Trust Matters  
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When January rolls around, many pin their hopes on resolutions related to health and wellness or new skills or hobbies; however, one area of aspiration that shouldn’t be overlooked is financial health. Given the economic instability of the last couple of years, 2022 will be a crucial year for many in terms of financial recovery and recalibration. Take time now to revisit goals set previously, fine-tune as needed, and look ahead with confidence to the new fiscal year!

Pay Down Debt

Although, nationally, credit card debt actually fell during the pandemic year of 2020, the figures are still shocking: Americans owe around $800 billion in credit card debt, according to Experian, with an average of over $5,000 per household. This year, make it a point to get serious about paying down/off debt. Always pay more than the minimum payment; set a goal to pay off as much as possible, starting with accounts with highest interest rates, by planning exactly when and how much you’ll allocate for which debt each month. If possible, refinance debt for a lower fixed interest rate.

Build Your Credit Score

Everyone is entitled to three free credit reports each year, one from each of the three nationwide credit reporting companies. Keep a close eye on your credit for accuracy via these reports or a credit monitoring service and promptly address any errors you encounter. A poor credit report could have many adverse effects on finances, including paying higher interest rates and being rejected for loans. Though building better credit takes time, paying bills on time and utilizing a low percentage of available credit (under 30%) are two simple steps on the right path.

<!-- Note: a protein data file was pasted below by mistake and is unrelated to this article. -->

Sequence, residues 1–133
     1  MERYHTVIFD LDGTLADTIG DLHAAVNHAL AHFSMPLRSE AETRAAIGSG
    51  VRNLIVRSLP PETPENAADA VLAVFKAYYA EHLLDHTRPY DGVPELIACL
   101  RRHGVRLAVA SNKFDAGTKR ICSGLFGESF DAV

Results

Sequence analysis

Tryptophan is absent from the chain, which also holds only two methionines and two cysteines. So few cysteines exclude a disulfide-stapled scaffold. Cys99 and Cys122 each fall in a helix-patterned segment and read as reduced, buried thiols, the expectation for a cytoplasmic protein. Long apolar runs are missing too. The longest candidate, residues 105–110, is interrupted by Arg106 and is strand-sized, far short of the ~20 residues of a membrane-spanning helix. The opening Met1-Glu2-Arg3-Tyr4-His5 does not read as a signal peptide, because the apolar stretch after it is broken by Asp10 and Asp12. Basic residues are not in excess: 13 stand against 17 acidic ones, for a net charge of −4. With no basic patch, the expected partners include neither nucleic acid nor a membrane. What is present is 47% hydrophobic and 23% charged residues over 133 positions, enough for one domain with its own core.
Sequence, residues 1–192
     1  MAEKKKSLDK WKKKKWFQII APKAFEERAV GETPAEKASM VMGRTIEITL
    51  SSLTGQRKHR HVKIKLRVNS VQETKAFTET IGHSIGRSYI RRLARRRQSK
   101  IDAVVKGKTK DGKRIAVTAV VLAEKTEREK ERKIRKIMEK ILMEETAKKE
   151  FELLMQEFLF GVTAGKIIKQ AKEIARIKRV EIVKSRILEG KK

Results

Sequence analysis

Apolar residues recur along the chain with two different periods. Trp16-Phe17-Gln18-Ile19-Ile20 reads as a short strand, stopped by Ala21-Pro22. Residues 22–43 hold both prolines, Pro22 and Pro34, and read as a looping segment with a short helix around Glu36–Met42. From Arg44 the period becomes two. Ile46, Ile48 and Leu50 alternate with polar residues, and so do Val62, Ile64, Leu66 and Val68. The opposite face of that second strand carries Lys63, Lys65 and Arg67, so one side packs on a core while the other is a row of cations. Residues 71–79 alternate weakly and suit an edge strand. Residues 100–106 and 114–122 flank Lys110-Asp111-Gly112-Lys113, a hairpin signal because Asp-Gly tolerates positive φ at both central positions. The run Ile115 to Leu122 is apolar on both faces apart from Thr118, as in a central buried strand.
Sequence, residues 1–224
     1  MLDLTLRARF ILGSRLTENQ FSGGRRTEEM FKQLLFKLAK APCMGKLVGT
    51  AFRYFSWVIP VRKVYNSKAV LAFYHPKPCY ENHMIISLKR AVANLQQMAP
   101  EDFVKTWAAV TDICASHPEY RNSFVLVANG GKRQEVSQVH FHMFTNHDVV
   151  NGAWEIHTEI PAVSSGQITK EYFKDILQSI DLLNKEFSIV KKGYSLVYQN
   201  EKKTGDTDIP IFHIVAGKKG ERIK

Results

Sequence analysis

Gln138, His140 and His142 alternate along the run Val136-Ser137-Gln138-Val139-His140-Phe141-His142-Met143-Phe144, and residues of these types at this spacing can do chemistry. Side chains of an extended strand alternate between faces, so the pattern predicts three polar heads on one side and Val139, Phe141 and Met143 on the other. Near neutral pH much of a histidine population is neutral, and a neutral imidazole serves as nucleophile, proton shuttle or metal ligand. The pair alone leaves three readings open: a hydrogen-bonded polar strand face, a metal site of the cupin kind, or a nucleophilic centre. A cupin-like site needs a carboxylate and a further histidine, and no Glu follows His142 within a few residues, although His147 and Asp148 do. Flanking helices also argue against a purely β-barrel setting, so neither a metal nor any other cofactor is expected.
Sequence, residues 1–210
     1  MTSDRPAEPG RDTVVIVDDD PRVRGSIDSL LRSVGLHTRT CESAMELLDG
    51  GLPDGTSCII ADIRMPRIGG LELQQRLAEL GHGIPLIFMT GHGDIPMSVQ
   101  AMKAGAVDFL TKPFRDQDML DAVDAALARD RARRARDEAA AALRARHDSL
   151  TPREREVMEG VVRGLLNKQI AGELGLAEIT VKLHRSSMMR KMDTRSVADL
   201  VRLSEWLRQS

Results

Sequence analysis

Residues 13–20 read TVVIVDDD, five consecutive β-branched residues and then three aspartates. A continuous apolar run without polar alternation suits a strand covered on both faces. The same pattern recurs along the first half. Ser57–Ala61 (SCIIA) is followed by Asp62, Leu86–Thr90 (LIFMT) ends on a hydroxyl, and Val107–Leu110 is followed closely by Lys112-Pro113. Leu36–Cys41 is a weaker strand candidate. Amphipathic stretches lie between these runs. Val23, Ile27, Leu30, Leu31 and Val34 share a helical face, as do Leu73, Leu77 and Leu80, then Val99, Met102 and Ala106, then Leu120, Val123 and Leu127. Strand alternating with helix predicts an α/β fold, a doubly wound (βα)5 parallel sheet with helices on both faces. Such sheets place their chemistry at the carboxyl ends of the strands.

Make a Realistic Budget

January is the ideal time to institute a realistic household budget, after determining exactly how much your household is bringing in after taxes and into what “bucket” that income is going (e.g., utilities, housing, travel, etc.). Keep track of your monthly spending; there are many popular apps available, such as Mint and You Need a Budget, to help assess expenditures and stay on track. For those who struggle with monthly – or more long-term – budgets,experts suggest that weekly budgeting may be more manageable. Understanding where your money is going each month is key to reaching all your other financial resolutions.

Consider Retirement Savings

You likely have a retirement plan (e.g., 401(k)) set up through your employer to which you’re already contributing. This year, work toward maxing out your contributions to your savings vehicle; if that’s not possible, be sure to take advantage of your company’s match contributions – or aim for 6 percent of your yearly salary if your employer doesn’t offer a match.
About the author: Our guest writer, Shauna Osborne, writes for Treesdale Life, of which this article appeared in the January 2022 issue.

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